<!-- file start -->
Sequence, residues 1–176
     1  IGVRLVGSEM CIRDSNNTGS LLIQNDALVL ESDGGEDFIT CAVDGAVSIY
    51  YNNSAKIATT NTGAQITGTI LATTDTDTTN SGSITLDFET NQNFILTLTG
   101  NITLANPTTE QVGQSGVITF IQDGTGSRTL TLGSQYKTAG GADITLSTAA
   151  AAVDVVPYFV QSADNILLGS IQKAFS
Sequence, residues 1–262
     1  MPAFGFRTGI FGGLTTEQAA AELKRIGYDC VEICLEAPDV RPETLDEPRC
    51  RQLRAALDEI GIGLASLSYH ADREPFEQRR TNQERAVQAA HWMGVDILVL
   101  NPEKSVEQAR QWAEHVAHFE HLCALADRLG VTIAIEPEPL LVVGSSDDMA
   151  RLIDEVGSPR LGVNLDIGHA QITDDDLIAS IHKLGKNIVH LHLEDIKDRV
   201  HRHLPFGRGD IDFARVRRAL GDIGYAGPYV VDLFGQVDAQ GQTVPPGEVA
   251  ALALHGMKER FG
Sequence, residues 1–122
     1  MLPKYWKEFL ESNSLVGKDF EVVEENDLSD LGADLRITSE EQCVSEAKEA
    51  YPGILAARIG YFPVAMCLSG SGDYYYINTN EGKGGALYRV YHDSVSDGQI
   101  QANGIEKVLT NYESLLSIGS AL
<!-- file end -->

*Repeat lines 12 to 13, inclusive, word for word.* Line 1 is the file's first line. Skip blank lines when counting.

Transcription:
   251  ALALHGMKER FG
Sequence, residues 1–122